But if you try it, make sure to safeguard an area so no one will get hurt when the pendulum starts making 360's.
                Last edited by ERBenoit; 06-23-2008, 06:56 PM.
                Paying Attention Is Not That Expensive.

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                • #9
                  Let us know what hospital you go to and how long it takes to recover from the damage.
                  It's only ink and paper

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                  • #10
                    Notice I said "violent"... as in dangerous...
                    "snapping 6" logs in half."..
                    Hell yes they are dangerous. I also believe they are banned up here now as well.
                    When you are a young kid its fun to run stuff like that
                    I have tools I don't even know I own...

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                    • #11
                      Some things go the way of the dinosaurs for good reason

                      I would sure a lot sooner build a panel saw like they have at modern lumber yards. Think of a circular saw that runs on tubular guides. You can cut anything up to big sheets of plywood that slide in behind the guides. It eats up wall space though and I have none left.

                      Paul
                      Paul Carpenter
                      Mapleton, IL

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                      • #12
                        Here's a bulletin from New Zealand's version of OSHA, outlining the proper safety requirements for pendulum saws.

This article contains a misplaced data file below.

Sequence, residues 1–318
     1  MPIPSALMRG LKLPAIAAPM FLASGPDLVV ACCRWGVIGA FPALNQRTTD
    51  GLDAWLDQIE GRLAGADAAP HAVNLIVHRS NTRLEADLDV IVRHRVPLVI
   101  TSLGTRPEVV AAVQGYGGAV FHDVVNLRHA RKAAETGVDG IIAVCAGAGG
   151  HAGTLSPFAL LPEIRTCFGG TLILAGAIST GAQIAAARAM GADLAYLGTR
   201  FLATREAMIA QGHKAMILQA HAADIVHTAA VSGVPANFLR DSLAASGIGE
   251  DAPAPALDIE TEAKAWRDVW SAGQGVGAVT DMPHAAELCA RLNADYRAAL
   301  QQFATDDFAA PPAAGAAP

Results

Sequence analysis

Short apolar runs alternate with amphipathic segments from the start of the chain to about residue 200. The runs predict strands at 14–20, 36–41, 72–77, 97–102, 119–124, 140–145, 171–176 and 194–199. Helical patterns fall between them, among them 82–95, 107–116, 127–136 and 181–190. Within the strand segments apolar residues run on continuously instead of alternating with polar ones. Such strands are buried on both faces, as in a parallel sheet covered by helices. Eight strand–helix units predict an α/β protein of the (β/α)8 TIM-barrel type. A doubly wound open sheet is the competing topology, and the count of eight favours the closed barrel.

http://www.osh.govt.nz/order/catalog...ndulumsaws.pdf

                        The safety chain that keeps the saw from doing 360's (or slicing you in half, vertically) seems crucially important.

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                        • #13
                          Quote "when you're a young kid its fun to run stuff like that"
                          Maybe in BC we were all nuts, but left there when I was young to the Promised Land.
                          Tell ya one thing, every time I pulled on the radial arm she sure made the ol bung hole pucker, no fun fun here just shear terror although none of us where man enough to admit it.
                          Cheers, Bob

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                          • #14
                            There are tons of old 14" radial arm saws laying around cheap,especially if they are three phase.

                            Get one,pull the saw out,stick the stock in behind the blade (abrasive) and push the saw through the cut instead of pull.We have two at work,old Dewalts that we use just for that.Trick is to make a table with a slot cut in it so the blade can stick down below the table's surface.This way there is less blade involved in the cut.
                            I just need one more tool,just one!

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                            • #15
                              I already have a radial arm saw but the travel is short and the angle is not easy to adjust and it isn't really accurate. More than once it has grabbed and thrown a piece of wood. I just thought that the pendulum saw was cool, and maybe more accurate.

                              There was a home built vertical panel saw in an article recently that looked kind of cobbled up. I was going to make a vertical table for doing cabinet facings with clamps and a compass with holes for adjusting the angle of the table. Maybe I could combine that with a saw track that could clamp on to make it into a vertical panel saw.

                              What would be the best linear bearings and rails to use for the skilsaw to track on? What would be the best way to align the rails so that the bearings don't seize or bind up? The rails would have to be 8 feet long to cut the long way and 4 feet for the cross cut. The cross cut is the most important, since I can use my table saw for the rip cuts.

                              I am going to see if I can find that article on the shop built one.